The Origin of Patriarchy

It’s time we disengage and shift our mindsets.

Think patriarchy and the first thought in any mind would pivot around its impact on women — whether in peacetime or in conflict.

Society is divided according to gender, among other factors.[1] The concerted assertion of male domination eventually went on to create a social system, namely, patriarchy. In a patriarchal system, the males hold primary power, laying their dominance in all spheres — political leadership, economic authority (including control of livelihood and property), social and moral authority (including religious dominance).

Gender is not the same as the differences and distinctions between the sexes, but is rather a “cultural categorisation and ranking grounded in a sexual division of labour that may be the single cultural form of greatest significance.”[2] It is therefore inferable that gender does legitimise inequality and domination. It appears that the “general crisis of modernity has its roots in the imposition of gender”.[3] With the purportedly continued increment in the bifurcation of both genders, the segmentation gained a definitive form, culminating in the birth of patriarchy.

The processes that confer privileges to one group and not another group are often invisible to those upon whom that privilege is conferred.[4] The patriarchy rhetoric has significant political dimensions.[5] Our primary lessons in patriarchy commence with and within our families. Specific roles and conduct are ascribed and are expected of children of both sexes — and with that, a subliminal understanding of the bifurcated statuses is inculcated. This is then systemically built upon with time, as children grow to become adults who encourage and perpetrate the same beliefs, and a continuous cycle is then created.

In peacetime, patriarchy remains a part of the social fabric, propping up gender inequality. In conflict, patriarchy manifests itself through war-strategy in the form of gender-based violence that culminates in war crimes and genocide. Irrespective of whether it is peace or conflict, therefore, there is always a simmering undercurrent of prevailing patriarchy.

Patriarchy is a social and ideological construct which considers men (who are the patriarchs) as superior to women. Sylvia Walby in “Theorising Patriarchy” calls it “a system of social structures and practices in which men dominate, oppress and exploit women” (Walby, 1990).[6] Patriarchy is based on a system of power relations which are hierarchical and unequal where men control women’s production, reproduction and sexuality,[7] and it imposes the masculinity and femininity character stereotypes in society which strengthen the iniquitous power relations between men and women.[8] Patriarchy is not a constant, and gender relations which are dynamic and complex have changed over the periods of history.[9] The nature of control and subjugation of women varies from one society to the other as it differs due to the differences in class, caste, religion, region, ethnicity and the socio-cultural practices.[10]

Patriarchal ideas blur the distinction between sex and gender and assume that all socio-economic and political distinctions between men and women are rooted in biology or anatomy” (Heywood, 2003: 248). Gender like social class, caste, race or religion is a significant social cleavage, and it is important to analyse it in order to understand social inequalities, oppressions and unequal relationships between men and women.[11] It has been explained by feminist scholars / thinkers/ writers who believe that the theory of ‘sexual politics’ and ‘sexism’ are conscious parallels with the theory of ‘class politics’ and ‘racism’ to understand oppression of women.[12]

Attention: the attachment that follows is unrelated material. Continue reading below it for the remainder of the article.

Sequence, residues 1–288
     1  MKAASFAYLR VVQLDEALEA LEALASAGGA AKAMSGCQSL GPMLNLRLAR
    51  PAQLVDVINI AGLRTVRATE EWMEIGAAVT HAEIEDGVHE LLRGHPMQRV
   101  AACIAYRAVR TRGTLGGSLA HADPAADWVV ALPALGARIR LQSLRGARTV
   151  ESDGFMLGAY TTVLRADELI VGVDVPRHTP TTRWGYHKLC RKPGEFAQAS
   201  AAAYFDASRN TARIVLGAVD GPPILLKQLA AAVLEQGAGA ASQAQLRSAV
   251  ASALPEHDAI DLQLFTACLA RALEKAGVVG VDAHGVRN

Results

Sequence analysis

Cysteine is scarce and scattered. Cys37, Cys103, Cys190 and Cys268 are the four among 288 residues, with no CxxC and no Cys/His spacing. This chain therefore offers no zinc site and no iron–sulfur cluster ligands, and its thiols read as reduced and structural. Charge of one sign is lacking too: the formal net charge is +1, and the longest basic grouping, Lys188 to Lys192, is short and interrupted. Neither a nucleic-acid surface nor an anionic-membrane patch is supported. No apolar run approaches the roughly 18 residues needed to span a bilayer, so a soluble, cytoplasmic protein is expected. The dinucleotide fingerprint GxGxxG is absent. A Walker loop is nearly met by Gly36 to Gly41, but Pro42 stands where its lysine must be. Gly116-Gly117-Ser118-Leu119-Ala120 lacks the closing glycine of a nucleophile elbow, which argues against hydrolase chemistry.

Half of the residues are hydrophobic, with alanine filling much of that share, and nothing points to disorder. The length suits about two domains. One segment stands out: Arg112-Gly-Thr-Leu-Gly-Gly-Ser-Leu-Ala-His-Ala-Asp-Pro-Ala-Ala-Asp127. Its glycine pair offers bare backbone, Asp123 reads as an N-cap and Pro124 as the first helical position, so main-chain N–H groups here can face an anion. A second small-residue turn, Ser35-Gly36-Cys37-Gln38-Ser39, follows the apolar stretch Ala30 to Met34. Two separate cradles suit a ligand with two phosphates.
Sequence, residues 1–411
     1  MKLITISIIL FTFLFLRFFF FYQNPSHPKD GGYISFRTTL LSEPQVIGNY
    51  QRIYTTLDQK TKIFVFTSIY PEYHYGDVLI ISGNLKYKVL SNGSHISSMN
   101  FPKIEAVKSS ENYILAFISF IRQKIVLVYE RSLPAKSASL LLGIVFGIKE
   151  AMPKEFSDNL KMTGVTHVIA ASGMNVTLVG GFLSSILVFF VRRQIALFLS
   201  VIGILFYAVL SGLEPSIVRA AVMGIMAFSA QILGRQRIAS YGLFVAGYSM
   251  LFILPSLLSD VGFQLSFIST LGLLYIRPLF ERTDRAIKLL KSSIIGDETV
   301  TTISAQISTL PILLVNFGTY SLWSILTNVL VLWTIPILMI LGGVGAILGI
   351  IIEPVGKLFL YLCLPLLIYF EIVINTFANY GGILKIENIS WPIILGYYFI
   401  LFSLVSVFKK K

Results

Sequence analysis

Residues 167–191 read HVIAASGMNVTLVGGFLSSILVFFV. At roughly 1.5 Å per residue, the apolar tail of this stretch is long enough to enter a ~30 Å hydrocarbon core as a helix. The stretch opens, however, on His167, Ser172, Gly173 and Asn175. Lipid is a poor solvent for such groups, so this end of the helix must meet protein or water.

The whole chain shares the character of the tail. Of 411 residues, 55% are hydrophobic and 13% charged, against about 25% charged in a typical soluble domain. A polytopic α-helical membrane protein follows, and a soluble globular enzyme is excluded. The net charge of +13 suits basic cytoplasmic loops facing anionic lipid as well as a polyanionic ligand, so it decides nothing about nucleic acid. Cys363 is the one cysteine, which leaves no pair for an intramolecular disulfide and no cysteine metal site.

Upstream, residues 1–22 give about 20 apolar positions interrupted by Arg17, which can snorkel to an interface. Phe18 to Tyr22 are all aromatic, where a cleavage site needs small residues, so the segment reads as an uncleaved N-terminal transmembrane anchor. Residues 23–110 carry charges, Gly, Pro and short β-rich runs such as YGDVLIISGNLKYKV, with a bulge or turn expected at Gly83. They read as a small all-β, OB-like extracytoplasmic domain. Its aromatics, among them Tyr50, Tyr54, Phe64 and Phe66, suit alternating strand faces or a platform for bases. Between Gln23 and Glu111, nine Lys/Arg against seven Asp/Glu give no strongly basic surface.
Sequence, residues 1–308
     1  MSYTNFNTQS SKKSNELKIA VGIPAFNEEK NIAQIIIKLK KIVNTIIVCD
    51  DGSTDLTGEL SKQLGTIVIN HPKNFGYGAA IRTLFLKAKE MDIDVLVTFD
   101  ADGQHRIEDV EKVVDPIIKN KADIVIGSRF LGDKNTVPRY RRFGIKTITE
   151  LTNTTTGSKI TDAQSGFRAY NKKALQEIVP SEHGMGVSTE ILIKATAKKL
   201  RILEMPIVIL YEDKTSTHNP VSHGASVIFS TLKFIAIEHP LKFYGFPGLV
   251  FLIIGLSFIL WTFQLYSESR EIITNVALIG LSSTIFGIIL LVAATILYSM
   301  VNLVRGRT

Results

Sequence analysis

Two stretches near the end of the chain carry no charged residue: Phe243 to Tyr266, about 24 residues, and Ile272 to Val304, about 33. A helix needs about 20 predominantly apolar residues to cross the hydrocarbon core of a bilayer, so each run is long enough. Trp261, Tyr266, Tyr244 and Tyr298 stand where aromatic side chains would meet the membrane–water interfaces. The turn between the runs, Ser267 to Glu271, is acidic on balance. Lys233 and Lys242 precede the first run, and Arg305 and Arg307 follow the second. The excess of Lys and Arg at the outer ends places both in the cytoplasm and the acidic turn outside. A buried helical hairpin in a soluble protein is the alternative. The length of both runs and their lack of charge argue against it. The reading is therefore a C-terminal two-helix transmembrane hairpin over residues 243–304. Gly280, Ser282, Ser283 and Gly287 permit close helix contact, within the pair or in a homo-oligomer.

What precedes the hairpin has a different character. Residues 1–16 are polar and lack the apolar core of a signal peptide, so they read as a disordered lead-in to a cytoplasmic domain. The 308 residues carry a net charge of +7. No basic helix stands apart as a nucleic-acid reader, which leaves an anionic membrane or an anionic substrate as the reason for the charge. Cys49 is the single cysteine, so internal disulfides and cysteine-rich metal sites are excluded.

Public patriarchy refers to the institutional arrangements of a society, the predominance of males in all power positions within the economy and polity, both locally and nationally, as well as the “gendering” of those institutions themselves (by which the criteria for promotion, for example, appear to be gender- neutral, but actually reproduce the gender order).[13] “Domestic patriarchy refers to the emotional and familial arrangements in a society, the ways in which men’s power in the public arena is reproduced at the level of private life. This includes male-female relationships as well as family life, child socialisation and the like. Both public patriarchy and domestic patriarchy are held together by the threat, implicit or explicit, of violence. Public patriarchy, of course, includes the military and police apparatus of society, which are also explicitly gendered institutions (revealed in their increased opposition to women’s entry). Rape and domestic violence sustain domestic patriarchy. These two expressions of men’s power over women are neither uniform nor monolithic; they vary enormously, are constantly under flux. Equally, they are not coincident, so that increases or decreases in one invariably produces increases or decreases in the other. Nor are they so directly linked that a decrease in one automatically produces an increase in the other, although there will be pressures in that direction. Thus women’s entry into the work-force or increased representation in legislatures undermine public patriarchy and will likely produce both backlash efforts to reinforce domestic patriarchy (covenant marriage, tightening divorce laws to restrain women’s exit from the home, increased domestic assault) or even a virulent resurgence of domestic patriarchy (the Taliban). However, at the same time, increased public presence will also undermine domestic patriarchy (shared parenting and housework).”[14]